The other has zero tail rocker and about 2.75" of nose flip (yeah...it's an ironing board). The bottom starts with a very mild belly for the first third and completely flat bottom for the rear 2/3s. Planshape has parallel rails & an even fuller tail. Really, really thick and barely has any taper at the tail. Basically, a rocket sled. Still working the fin setup. The straight rails & minimal belly make it catch ripples,but don't let it turn as easily, so I replaced the FK-1s with MRs to experiment. Everthing about this board is for the typical small (knee to thigh) & windless (fast breaking) surf VB gets. The same attributes that make it a good VB groveller, restrict the wave size it can operate in, though. After thigh-high, it starts to pearl. I'm interested in finding out if that lasts throught the wave size scale or if the straightness loses it's pearling affect after a certain size (like above to shoulder ).

    Hope that helps.
    Last edited by Ray F.; Jun 11, 2011 at 03:42 AM.

  5. #5
    Join Date
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    Ray,

    What length are your two boards....with the 4.5" and 2.75" NR? I shaped a 5'5" a couple years ago that only had about 2.5 - 3" nose rocker, and had the same experience...in small mush it worked well, once the waves had any kind of pocket, the board didnt really fit, plus it was a retro fish with deep swallows/keels so that tail didnt make much sense as a grovelor anyway.
    Last edited by mitchell; Jun 11, 2011 at 10:34 PM.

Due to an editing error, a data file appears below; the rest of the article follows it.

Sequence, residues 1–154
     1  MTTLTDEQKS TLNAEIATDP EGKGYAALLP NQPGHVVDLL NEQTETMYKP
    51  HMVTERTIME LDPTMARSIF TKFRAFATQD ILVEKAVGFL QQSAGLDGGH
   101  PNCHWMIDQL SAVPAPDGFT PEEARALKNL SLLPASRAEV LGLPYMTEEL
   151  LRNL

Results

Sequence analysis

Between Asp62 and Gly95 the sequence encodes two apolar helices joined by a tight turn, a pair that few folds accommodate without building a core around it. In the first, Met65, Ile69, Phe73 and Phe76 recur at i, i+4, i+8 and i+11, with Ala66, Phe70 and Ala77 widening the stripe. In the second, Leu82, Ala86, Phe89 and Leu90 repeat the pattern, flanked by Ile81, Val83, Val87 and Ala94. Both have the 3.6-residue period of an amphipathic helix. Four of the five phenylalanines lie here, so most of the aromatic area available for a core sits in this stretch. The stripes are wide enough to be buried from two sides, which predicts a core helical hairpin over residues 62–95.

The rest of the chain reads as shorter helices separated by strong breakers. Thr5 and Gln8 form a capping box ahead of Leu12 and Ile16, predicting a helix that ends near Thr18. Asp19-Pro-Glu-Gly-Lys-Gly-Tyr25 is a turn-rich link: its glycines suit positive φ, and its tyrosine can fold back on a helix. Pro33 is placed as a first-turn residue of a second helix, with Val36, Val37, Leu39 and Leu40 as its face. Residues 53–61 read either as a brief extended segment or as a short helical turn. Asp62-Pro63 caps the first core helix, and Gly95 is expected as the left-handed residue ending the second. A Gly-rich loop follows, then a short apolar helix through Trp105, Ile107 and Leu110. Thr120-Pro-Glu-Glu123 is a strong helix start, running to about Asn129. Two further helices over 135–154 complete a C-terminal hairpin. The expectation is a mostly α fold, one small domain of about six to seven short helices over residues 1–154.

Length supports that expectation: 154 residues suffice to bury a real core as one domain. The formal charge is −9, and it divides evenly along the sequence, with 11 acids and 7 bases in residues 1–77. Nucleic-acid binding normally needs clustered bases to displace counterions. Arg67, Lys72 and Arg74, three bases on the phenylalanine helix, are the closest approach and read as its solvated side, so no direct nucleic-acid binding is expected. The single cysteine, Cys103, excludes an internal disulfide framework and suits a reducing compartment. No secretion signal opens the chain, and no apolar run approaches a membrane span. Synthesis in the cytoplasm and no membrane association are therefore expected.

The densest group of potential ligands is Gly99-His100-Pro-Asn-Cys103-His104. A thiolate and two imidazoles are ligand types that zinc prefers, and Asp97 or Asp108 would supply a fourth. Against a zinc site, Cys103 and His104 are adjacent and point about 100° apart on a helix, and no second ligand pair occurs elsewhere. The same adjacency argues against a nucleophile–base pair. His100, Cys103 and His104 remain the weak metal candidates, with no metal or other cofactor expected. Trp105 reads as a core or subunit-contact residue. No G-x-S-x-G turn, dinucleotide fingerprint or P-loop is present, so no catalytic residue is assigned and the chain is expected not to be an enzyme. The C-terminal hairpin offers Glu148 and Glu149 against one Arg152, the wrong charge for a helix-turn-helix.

6. #6
    Join Date
    Aug 2009
    Location
    Monmouth Beach, NJ
    Posts
    2,308
    This is a VERY complicated topic. RayF gets it... The Mini Sim is a board designed with a number of complementary features. Change one, and you change the entire ride. Not to say that it won't work... it will. Just differently. But if you're talking about a wide, square, flat tail, there are some generalizations...

    Wide square tails are notorious for not not working well on a rail. But there are things you can do to compensate...

    Soft edges. They minimize that "skipping stone" effect, and let the water wrap around the rail rather than release cleanly off the tail. Letting water wrap around the rail will allow you to sink the tail more easily. I like to say, "Flat likes to stay flat... round likes to roll." Round rails will roll over easier than rails with flat bottoms and edges.

    Increased tail rocker. Again, flats work great in flat waves... curves work better in curved waves. You won't get that "skimboard across the flats" feeling between sections, but you'll be able to tighten the turning arch once you get it on a rail. You'll also lose that early takeoff effect because a flatter tail rocker will engage the wave's energy earlier than a curvy tail rocker. More tail surface area also engages wave energy earlier, so a wide flat tail will take off easier than a narrow, rockered tail... all other design elements held constant.